My family was mentally forcing me to act “normal”, to fit into the society-imposed gender norms for cis males. I was indulging in self-destructive methods to overcome my pain—cutting myself, banging my head, using psychoactive drugs, and overdosing on glue were among the things I did. But he never called or attempted to meet me after his training. 

I steadfastly believed that he would come to meet me. I used to keep track of his arrival from his army camp, but was too timid to go and meet him, because the sudden change in his behaviour confused me. 

One day, I gained a sense of courage. I visited his house. He seemed embarrassed at seeing me. 

He took my hand and led me outside. I asked what had gone wrong, tears in my eyes. Why could he not meet me for nine months? Why could he not answer my calls? He seemed calm but cruel. He spoke the word “Sin”. I asked him to explain. He said sodomy was a “sinful act”. He said had committed a sin with me, and could not continue doing it. I don’t know how he became so radically transformed in the army camp. Who was educating him to hate?

His words pierced my heart, breaking it apart. I stumbled onto a road to find my way home. I rushed to my bathroom and grabbed a phenyl bottle to drink from. I was rescued by my transphobic family, those who sometimes prayed for my death.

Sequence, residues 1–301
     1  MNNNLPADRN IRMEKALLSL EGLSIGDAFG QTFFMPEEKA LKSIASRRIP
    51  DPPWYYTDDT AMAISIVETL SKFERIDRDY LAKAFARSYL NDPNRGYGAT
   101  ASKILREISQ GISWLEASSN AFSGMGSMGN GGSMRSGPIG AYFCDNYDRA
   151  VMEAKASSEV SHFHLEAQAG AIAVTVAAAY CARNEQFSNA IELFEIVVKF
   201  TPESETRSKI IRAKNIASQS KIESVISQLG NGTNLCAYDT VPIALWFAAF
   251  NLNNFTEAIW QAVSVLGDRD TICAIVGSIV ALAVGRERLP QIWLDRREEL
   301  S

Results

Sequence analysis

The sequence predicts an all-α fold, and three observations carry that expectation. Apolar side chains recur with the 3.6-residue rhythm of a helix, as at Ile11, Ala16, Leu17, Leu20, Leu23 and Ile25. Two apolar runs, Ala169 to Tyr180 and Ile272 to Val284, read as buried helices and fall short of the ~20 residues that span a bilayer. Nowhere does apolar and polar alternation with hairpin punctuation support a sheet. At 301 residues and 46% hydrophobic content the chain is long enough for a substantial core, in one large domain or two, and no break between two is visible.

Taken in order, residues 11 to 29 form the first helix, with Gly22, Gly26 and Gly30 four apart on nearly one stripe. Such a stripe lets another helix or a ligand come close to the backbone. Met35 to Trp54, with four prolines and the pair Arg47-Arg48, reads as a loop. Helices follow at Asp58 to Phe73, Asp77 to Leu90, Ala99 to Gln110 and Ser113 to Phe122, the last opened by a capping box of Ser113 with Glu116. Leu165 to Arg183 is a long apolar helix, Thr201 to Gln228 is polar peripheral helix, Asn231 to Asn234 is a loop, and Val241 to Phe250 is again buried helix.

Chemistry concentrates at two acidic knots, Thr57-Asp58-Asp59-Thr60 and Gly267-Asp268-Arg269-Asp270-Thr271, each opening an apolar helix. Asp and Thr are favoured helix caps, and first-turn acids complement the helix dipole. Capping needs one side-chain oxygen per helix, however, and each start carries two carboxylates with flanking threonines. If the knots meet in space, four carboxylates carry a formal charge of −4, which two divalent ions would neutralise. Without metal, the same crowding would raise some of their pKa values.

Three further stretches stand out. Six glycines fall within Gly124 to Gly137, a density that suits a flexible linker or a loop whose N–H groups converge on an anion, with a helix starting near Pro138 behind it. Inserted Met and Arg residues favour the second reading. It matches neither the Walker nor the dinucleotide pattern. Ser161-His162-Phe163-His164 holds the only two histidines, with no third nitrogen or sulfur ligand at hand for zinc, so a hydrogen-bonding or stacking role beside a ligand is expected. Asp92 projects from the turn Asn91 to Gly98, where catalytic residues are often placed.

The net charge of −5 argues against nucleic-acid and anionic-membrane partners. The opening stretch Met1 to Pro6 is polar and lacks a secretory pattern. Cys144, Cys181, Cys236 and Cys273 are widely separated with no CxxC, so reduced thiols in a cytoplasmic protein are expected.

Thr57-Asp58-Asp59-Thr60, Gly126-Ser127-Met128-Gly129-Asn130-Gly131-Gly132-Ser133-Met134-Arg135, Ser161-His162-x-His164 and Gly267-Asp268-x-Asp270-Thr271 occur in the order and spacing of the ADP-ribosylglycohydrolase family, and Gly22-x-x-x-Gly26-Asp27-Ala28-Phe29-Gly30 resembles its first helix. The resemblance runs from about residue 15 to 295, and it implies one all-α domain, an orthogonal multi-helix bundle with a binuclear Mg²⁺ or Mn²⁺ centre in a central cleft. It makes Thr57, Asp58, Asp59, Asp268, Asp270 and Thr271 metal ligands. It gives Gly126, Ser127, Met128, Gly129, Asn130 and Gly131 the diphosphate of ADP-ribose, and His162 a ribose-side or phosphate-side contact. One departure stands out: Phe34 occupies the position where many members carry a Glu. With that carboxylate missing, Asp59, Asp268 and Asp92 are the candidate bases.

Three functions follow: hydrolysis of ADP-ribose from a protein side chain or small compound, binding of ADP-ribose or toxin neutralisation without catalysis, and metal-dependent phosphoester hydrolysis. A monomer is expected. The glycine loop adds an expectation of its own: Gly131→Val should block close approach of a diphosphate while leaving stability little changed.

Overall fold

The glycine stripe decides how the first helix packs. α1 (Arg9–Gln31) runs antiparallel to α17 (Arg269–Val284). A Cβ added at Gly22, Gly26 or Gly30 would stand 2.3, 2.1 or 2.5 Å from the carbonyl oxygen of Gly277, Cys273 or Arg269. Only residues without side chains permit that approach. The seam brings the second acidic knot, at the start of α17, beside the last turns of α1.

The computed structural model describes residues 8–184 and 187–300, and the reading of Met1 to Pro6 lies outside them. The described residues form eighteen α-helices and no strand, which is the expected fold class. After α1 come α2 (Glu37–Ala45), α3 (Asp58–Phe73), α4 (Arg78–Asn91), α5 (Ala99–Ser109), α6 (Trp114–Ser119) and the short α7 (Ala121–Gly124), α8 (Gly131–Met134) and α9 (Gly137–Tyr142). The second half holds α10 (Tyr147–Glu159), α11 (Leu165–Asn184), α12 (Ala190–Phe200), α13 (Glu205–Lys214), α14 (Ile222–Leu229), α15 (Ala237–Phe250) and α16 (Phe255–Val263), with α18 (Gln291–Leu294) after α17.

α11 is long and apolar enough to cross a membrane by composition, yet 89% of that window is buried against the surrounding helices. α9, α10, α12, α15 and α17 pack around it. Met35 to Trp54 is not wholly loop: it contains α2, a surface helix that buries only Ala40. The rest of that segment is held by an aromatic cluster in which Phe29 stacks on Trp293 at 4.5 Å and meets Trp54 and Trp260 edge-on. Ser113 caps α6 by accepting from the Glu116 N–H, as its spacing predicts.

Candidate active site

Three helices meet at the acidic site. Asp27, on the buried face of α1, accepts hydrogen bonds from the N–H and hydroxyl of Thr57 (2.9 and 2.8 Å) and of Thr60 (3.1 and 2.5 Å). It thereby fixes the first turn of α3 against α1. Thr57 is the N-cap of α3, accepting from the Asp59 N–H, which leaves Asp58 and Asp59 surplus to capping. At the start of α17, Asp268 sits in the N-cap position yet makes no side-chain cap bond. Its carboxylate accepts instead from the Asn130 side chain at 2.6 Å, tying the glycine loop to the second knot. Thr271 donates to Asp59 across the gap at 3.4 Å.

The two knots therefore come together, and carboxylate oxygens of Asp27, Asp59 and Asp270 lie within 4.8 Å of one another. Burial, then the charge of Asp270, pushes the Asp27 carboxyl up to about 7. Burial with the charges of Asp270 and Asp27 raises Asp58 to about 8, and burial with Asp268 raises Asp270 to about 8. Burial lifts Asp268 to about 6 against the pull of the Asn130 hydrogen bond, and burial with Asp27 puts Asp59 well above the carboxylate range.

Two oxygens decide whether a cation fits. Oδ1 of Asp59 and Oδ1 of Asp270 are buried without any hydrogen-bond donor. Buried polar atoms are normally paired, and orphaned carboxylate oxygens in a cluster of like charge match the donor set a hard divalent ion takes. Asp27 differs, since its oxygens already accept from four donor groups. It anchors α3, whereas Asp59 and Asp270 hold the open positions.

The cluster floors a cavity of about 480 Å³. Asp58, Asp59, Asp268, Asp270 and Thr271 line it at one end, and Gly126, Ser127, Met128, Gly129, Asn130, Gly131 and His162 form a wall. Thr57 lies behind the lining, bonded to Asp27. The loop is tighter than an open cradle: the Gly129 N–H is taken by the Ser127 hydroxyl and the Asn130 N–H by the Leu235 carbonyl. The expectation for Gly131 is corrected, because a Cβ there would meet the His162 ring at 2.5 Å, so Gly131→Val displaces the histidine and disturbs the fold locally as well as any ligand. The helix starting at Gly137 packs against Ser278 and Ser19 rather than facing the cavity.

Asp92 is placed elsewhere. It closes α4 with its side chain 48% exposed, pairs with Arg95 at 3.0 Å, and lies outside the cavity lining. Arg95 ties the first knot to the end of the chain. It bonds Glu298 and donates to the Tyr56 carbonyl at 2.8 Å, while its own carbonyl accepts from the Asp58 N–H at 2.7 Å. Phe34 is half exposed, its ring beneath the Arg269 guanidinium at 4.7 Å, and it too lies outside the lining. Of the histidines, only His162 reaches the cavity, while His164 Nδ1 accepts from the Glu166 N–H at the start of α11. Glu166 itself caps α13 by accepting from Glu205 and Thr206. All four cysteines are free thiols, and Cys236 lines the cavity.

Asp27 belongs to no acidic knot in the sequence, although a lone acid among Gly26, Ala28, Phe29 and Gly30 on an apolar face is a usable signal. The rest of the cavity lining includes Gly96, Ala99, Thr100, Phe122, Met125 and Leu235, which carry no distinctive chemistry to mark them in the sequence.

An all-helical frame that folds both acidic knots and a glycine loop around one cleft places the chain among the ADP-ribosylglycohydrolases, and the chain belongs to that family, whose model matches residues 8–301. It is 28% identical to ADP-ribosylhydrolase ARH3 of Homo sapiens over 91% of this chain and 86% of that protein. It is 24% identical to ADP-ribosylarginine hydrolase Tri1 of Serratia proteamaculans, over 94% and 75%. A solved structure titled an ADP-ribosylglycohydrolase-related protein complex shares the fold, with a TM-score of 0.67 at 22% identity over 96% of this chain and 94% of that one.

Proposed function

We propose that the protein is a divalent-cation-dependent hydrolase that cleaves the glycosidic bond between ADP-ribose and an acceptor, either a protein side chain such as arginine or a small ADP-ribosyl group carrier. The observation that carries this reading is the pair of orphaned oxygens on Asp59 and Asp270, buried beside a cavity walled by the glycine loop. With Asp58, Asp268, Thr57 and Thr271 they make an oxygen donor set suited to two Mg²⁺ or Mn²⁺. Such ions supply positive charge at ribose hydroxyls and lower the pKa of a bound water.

Despite this event, I remained hopeful about love. 

I was eagerly waiting for my prince to make my queer existence bearable and endearing. But it was challenging for me to find love in that orthodox Muslim area because I struggled to open up to people. 

It took me eight years to go on my second date. When I moved to Chandigarh, it was so much easier to find people who wanted to date queer people secretly. 

You could find someone even within a 100-meter radius. Their objective was simply to have fun, without any intention of getting into anything serious. I don’t blame those who are straightforward about this. But the ones I hate are those who arouse the feelings of love just to sleep with me. 

They were so eloquent in their talk that I started believing that to find love for a queer person, was not difficult. The relationships were fleeting and short-lived, and I found myself begging them to stay with me. 

But they left, leaving a dagger in my heart, creating a wound that was deeper than before. They left me with my existential crisis and left me with so many questions. 

Could love ever find a queer person like me? Would I ever find a love that won’t be ashamed of accepting me in public? I was looking for someone’s acceptance to validate my self-worth. I was at the mercy of other’s love.